Helping ASR ‘Name that Tune’

Oct 31 2023 VITAC
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Francis Scott Key would not be happy.

Videos recently making the rounds on social media show how automated captions can mishear and misrepresent audio with disastrous results. The clips show captions created by an automatic speech recognition (ASR) program displayed on a center court scoreboard during “The Star-Spangled Banner” at a pro basketball game.

In one of the videos, “…broad stripes and bright stars, through the perilous fight” was captioned as “STARS. PASS THROUGH THE PAYROLL. BUS FIRE.”

In another, “gallantly streaming” became “MENTALLY SCREAMING” while “say does that Star-Spangled Banner yet wave” was captioned as “OH, SO SAY HART STAR SPACE ANGLE. OLD NO. HIRED AWAY.”

Though caption fails like these can be funny, the truth is they are no laughing matter for the millions who rely on captions every day for information and entertainment. Poor-quality captions, even on something as well-known as the national anthem, can leave viewers confused, frustrated, and angry.

The Problem with Live Songs

Though the quality of ASR captions has improved in recent years, there still are problems that auto-captions have yet to figure out. Song lyrics being one of them.

The national anthem ─ like many songs ─ can be difficult for an ASR engine to figure out, said Adi Margolin, Verbit’s Director of Product Management. 

One problem area is that songs can feature a variety of vocal techniques and skills, such as rapping, singing in different registers, or the intensity in which lyrics are voiced. ASR systems, however, typically are trained on the spoken language and may not be able to accurately recognize different vocal styles.

Furthermore, vocalists often stress words in a way that ASR doesn’t understand. And when it’s a live performance, like “The Star-Spangled Banner” at a sporting event, the engine has split seconds to decide what it’s hearing, and when words are drawn out and pronounced in ways they aren’t normally spoken, it makes it difficult for the engine.

Songs also can contain non-standard vocabulary and grammar, including slang, idioms, and poetic language not commonly found in everyday speech (think “O’er the ramparts”). As a result, the ASR may not have been trained on enough data to accurately recognize these words and phrases.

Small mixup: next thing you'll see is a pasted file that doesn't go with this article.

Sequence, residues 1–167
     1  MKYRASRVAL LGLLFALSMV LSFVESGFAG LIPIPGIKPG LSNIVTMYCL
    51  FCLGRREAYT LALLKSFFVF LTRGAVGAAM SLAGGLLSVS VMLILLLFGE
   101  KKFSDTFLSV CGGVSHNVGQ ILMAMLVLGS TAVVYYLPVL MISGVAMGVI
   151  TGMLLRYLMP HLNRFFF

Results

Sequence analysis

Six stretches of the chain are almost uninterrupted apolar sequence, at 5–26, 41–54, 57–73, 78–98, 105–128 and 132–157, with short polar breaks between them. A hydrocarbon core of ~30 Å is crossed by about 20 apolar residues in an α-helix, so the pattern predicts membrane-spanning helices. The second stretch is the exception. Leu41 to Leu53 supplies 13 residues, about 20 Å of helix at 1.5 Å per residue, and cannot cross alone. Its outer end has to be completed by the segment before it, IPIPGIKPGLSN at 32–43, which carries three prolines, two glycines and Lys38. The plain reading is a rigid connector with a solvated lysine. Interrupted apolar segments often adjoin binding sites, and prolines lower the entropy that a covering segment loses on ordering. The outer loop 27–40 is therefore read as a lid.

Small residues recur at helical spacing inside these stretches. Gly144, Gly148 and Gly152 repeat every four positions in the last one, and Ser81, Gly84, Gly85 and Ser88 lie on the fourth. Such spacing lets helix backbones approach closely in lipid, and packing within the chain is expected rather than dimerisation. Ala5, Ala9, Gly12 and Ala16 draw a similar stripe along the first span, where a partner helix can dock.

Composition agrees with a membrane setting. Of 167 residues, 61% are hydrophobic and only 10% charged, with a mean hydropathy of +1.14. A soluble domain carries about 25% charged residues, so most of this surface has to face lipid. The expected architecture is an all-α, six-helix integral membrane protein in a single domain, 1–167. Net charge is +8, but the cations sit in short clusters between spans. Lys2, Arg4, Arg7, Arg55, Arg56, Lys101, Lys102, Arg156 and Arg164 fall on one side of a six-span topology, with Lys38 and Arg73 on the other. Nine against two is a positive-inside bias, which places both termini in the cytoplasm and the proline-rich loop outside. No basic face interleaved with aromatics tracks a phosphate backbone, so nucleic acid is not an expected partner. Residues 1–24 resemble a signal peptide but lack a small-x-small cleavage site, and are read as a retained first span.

That said, ASR models can be trained to identify “The Star-Spangled Banner” or any other national anthem. The problem, however, is captioning a national anthem (or a halftime pop-song performance, for that matter) is not the sole purpose of the engine. The ASR also needs to properly caption the sporting event itself – player information, game action, scoring details, in-stadium announcements, etc.

And it’s in this dual responsibility of the engine – where it’s being asked to accurately caption in two content worlds and within two different training sets (specifically, the language and tempo of a sporting event vs. the vocal range and lyrical nature of songs) – that the challenges lie.

Customized, Trained ASR Solutions

Though ASR might not always be able to get the lyric right, the technology is constantly advancing.

At VITAC, we’re always looking to improve our already high-quality ASR offering. Our proprietary ASR solution is built on a custom, always-trained engine developed by captioning, speech, and machine-learning experts. It’s designed with customers in mind and is adaptable to specific programs, events, and needs. Our preparation team trains the engine on customers’ individual content ─ reviewing previous captioned material and adding prep terms to improve the accuracy of the client-specific ASR models throughout.

And because live music performances often include background noise (loud instruments, crowds, applause) that can make it difficult for ASR systems to distinguish between speech and non-speech sounds, our engine features audio filtering that enables it to hear the most transparent audio.

Through further testing and training, we’re confident that we’ll have a stronger solution for captioning live music and help everyone to correctly “name that tune.”